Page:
Evaluating and releasing other elevators of the scapula is important. Make sure that you include the extrinsic chest muscles, especially the serratus anterior. Here’s an overview of the extrinsic chest muscles.

In the extrinsic back muscles, rhomboids, levator scapula, middle and upper trapezius also need to be considered.


Integrative Treatment Sequencing

Mobilize the Atlas

Atlas mobilizations will loosen the entire cervical structure. It’s particularly important because of the structure of the spinal accessory nerve, which innervates the trapezius.

I like the intraoral mobilization but some therapists and clients are not comfortable with that and prefer using the transverse processes. This post has pages from the manual for evaluation and mobilization of the atlantooccipital joint.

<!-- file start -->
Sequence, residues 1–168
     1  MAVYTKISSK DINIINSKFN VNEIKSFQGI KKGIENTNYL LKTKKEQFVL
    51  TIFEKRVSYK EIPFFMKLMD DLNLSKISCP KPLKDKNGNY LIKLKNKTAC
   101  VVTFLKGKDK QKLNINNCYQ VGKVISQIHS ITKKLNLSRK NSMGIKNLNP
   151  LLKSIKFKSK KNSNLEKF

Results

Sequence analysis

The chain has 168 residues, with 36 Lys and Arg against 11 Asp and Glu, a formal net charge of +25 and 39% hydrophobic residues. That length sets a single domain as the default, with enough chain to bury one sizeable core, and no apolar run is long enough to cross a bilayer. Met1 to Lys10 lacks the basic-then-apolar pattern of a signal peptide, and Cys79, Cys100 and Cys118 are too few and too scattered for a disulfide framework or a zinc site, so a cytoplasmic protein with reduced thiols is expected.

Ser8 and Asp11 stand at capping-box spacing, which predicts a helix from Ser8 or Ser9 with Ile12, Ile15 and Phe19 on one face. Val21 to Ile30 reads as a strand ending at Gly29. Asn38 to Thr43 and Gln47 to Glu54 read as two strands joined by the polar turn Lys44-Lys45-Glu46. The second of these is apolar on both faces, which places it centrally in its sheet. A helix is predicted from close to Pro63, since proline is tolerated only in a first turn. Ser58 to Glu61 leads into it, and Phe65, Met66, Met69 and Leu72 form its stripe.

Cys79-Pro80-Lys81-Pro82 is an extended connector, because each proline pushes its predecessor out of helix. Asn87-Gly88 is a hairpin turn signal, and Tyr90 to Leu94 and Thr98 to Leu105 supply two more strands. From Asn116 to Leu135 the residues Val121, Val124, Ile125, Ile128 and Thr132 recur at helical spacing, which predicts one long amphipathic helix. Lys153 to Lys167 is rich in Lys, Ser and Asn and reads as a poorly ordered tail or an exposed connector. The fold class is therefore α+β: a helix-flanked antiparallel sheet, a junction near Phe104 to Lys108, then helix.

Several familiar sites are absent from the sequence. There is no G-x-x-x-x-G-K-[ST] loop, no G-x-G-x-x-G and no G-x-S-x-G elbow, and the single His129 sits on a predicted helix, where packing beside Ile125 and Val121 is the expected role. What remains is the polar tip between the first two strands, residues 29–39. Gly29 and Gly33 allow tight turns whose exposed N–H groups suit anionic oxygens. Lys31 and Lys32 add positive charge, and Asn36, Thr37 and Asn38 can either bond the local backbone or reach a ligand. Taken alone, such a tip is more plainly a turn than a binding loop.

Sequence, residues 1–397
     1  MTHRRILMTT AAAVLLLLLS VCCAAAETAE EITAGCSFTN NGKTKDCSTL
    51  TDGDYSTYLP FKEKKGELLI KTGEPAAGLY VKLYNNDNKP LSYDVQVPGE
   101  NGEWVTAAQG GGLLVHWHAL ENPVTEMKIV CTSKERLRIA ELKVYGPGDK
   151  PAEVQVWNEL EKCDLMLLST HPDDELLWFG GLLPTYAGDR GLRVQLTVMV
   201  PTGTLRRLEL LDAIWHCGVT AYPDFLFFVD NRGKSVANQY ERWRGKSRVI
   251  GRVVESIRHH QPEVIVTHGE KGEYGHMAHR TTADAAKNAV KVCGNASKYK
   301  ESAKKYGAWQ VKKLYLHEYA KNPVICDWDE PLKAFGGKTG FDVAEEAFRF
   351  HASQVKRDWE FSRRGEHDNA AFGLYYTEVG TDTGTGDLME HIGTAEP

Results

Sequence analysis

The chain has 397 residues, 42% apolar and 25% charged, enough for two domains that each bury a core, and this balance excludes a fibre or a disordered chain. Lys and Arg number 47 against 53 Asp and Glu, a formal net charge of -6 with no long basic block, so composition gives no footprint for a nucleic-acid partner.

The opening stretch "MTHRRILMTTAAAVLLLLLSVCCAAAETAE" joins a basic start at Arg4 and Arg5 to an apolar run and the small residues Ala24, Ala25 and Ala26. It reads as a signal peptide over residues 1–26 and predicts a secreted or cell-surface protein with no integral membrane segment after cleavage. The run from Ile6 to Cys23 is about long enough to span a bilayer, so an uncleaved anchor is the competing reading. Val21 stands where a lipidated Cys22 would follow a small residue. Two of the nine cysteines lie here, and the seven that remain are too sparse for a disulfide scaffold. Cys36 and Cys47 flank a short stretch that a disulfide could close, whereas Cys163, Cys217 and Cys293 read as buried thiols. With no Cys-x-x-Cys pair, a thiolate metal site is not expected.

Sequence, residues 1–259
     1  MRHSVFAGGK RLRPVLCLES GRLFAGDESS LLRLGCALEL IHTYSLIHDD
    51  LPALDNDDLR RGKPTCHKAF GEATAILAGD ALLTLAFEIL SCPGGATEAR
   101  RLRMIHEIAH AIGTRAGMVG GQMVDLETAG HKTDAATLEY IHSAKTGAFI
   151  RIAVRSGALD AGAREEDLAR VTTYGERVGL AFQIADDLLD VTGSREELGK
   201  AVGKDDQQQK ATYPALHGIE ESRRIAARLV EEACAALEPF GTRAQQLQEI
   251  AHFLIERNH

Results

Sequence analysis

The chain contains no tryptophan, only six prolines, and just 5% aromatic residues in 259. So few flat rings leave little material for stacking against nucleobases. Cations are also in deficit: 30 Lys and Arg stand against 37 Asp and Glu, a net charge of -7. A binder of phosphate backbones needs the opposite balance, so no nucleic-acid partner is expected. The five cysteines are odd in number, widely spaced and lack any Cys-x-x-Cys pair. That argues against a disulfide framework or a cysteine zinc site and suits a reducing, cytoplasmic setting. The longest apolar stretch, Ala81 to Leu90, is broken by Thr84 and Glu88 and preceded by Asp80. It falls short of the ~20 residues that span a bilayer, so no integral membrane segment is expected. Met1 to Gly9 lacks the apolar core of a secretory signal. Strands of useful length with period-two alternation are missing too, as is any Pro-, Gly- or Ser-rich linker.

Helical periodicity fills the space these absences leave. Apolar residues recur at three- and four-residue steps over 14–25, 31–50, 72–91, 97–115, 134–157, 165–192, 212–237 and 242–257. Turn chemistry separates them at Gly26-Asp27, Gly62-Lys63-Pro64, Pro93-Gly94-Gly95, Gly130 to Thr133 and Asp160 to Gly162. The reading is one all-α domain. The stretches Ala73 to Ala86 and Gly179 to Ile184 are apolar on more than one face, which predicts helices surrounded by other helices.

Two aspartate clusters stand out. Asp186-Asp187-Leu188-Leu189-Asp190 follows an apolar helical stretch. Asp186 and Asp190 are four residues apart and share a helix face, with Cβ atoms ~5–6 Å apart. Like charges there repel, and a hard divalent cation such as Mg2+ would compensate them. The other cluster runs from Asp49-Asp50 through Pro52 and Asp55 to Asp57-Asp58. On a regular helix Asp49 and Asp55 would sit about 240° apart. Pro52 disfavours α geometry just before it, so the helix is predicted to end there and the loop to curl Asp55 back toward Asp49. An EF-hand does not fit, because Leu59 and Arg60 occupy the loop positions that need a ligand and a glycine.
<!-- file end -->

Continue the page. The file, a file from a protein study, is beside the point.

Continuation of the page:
Open the Nerve Flow,
Release the Upper attachments

Start with cranial work around the jugular foramen. This includes mobilizing the atlas and releasing the suboccipital muscles. Make sure to catch the upper attachments of the trapezius.

Treat Cervical Attachments and more…

Continue with treating the cervical lamina groove.

The mobilization of those first five vertebrae helps to further work the spinal accessory nerve. Also, some of the nerve feed of the trapezius comes out of the posterior rami of the mid-cervical. Consequently, it will make the rest of this treatment more comfortable and effective.

Cross-fiber friction of the attachment of the upper trapezius along the nuchal ligament is also helpful in releasing the belly of the muscle.

More Local Joint Work

Distract the AC Joint. The NMT protocol has a step for separating the joint with the small T-bar, but this is gentler and more effective.

This is especially important for releasing the lower trigger point along with the cowl of the trapezius.

Free the Hinge

The fibers of the upper trapezius run more laterally than vertically. They raise the shoulder by hinging the clavicle on the manubrium. Mobilize this joint before working the belly of the muscle.


The Rest of the Trapezius…

Additional Cervical Work